Gyroscope by 2 Cool Percussion

Have you ever wanted to take your marching show in a new direction? How about upside down or sideways? Or better yet, both! The gyroscope and rotating drum racks (RDR) created by Ron Thorpe of 2 Cool Percussion allow any musician to play while spinning quickly inside.

“Clean playing and cool marching will only get you so far,” Thorpe says. “Today you have to do something new and different and really cool.”

The first RDRs created by Thorpe were used by United Percussion (UP), an independent indoor drum line group, in its 2007 WGI show “Xtreme.” These RDRs allowed three of UP’s drummers to play while spinning upside down.

In 2008 for its show “Fusion,” UP used a new gyroscope that spun not only upside down but also sideways, “so that when it rotated, it looked like the molecular symbol for fusion,” says Chad Moore, director of UP.

Tenor player Jeff Bickford performed the show’s finale—a 20-second feature—while spinning inside the gyroscope.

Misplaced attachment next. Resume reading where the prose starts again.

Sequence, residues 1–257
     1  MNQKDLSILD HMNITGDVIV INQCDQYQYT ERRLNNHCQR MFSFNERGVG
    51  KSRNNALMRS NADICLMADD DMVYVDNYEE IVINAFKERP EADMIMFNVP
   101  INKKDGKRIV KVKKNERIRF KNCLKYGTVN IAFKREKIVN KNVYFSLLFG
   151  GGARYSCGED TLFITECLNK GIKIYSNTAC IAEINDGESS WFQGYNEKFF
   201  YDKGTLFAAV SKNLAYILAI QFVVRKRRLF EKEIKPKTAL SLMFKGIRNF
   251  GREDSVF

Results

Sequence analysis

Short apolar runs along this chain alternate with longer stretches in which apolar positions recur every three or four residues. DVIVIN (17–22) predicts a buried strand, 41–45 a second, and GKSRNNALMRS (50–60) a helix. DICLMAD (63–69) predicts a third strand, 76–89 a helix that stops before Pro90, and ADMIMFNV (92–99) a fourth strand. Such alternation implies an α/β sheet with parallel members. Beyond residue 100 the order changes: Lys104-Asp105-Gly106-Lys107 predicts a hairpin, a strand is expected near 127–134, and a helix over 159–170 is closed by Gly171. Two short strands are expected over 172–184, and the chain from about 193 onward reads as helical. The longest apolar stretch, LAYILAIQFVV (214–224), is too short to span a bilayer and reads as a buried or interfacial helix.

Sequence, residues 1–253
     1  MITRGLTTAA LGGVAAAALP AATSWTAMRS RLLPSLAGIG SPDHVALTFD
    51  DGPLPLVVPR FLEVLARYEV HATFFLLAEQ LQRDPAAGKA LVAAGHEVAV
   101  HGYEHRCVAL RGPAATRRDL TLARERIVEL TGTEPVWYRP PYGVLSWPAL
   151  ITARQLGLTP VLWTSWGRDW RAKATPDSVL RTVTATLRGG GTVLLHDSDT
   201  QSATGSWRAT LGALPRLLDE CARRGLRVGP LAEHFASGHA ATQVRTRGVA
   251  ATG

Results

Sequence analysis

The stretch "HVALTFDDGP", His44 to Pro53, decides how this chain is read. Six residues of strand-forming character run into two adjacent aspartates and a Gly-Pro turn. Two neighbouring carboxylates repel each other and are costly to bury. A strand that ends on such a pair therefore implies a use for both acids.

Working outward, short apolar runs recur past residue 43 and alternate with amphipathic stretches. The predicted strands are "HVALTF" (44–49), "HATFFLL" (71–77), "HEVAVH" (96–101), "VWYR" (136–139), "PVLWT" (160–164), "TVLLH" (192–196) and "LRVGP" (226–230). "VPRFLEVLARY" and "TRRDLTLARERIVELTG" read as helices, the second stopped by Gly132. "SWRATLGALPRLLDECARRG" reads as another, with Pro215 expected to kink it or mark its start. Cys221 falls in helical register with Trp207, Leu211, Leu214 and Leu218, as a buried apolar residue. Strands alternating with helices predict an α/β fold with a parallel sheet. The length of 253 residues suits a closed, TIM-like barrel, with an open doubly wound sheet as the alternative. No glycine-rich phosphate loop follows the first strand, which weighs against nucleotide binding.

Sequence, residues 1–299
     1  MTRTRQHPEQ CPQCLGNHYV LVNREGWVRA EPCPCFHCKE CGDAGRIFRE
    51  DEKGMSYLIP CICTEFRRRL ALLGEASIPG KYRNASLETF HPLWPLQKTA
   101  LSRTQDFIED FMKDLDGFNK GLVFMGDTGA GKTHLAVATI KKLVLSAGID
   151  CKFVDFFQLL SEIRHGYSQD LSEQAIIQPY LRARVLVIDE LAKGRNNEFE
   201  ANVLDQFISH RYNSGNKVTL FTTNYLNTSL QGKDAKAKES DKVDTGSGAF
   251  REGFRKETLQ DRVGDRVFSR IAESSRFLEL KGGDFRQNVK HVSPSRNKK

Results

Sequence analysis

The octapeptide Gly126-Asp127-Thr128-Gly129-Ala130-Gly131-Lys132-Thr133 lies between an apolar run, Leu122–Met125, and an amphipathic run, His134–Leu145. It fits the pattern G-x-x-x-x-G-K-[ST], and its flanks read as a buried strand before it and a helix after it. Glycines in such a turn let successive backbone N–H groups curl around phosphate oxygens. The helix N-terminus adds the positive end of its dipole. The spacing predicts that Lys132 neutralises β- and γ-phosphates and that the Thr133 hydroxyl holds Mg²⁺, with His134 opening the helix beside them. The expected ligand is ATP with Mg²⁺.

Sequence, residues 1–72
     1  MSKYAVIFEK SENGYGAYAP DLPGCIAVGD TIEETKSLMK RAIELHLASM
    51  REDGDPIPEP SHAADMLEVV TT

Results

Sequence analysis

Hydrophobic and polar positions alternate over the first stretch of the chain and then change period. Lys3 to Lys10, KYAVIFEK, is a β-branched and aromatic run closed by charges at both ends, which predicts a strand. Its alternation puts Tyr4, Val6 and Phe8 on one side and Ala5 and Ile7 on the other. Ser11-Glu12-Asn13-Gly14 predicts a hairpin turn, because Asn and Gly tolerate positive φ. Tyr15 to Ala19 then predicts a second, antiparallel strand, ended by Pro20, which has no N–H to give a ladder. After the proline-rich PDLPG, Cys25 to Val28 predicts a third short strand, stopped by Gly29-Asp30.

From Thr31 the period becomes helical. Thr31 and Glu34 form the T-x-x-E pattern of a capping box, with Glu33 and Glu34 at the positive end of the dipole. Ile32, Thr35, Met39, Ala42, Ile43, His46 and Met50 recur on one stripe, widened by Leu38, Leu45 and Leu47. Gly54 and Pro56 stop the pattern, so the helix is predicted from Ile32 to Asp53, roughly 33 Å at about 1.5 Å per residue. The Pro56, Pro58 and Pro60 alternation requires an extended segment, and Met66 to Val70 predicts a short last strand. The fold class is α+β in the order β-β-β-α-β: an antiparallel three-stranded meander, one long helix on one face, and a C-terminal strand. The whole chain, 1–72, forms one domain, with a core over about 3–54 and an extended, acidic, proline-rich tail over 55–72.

The outer ring of the gyroscope is 8 feet 2 inches, and the machine can be designed to fit anyone, with any instrument. The pneumatic tires make it easy to transport, and the machine collapses to fit through any standard-sized door. For more information, visit

Photo by Jolesch Photography,, and courtesy of WGI Sport of the Arts.

About author

Elizabeth Geli

Elizabeth Geli is the assistant editor of Halftime Magazine and a journalist/communications professional in Southern California. Her 11 years at the University of Southern California (USC) Trojan Marching Band included time as a flute player, graduate teaching assistant, and student advocate. She holds a bachelor's degree in Print Journalism and master's degree in Specialized Journalism (The Arts) from USC.